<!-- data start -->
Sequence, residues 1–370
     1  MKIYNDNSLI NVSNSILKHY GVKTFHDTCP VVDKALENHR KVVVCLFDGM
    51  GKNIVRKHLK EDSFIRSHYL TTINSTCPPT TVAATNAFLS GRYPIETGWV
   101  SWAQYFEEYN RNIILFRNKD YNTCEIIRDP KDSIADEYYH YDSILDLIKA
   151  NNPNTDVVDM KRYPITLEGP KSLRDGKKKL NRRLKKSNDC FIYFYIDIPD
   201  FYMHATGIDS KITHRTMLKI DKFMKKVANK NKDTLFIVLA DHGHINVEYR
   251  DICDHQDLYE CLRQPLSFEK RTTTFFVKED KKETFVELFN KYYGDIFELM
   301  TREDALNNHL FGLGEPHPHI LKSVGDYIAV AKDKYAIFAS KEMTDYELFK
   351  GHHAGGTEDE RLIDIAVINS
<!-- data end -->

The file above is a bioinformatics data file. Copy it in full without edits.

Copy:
Sequence, residues 1–370
     1  MKIYNDNSLI NVSNSILKHY GVKTFHDTCP VVDKALENHR KVVVCLFDGM
    51  GKNIVRKHLK EDSFIRSHYL TTINSTCPPT TVAATNAFLS GRYPIETGWV
   101  SWAQYFEEYN RNIILFRNKD YNTCEIIRDP KDSIADEYYH YDSILDLIKA
   151  NNPNTDVVDM KRYPITLEGP KSLRDGKKKL NRRLKKSNDC FIYFYIDIPD
   201  FYMHATGIDS KITHRTMLKI DKFMKKVANK NKDTLFIVLA DHGHINVEYR
   251  DICDHQDLYE CLRQPLSFEK RTTTFFVKED KKETFVELFN KYYGDIFELM
   301  TREDALNNHL FGLGEPHPHI LKSVGDYIAV AKDKYAIFAS KEMTDYELFK
   351  GHHAGGTEDE RLIDIAVINS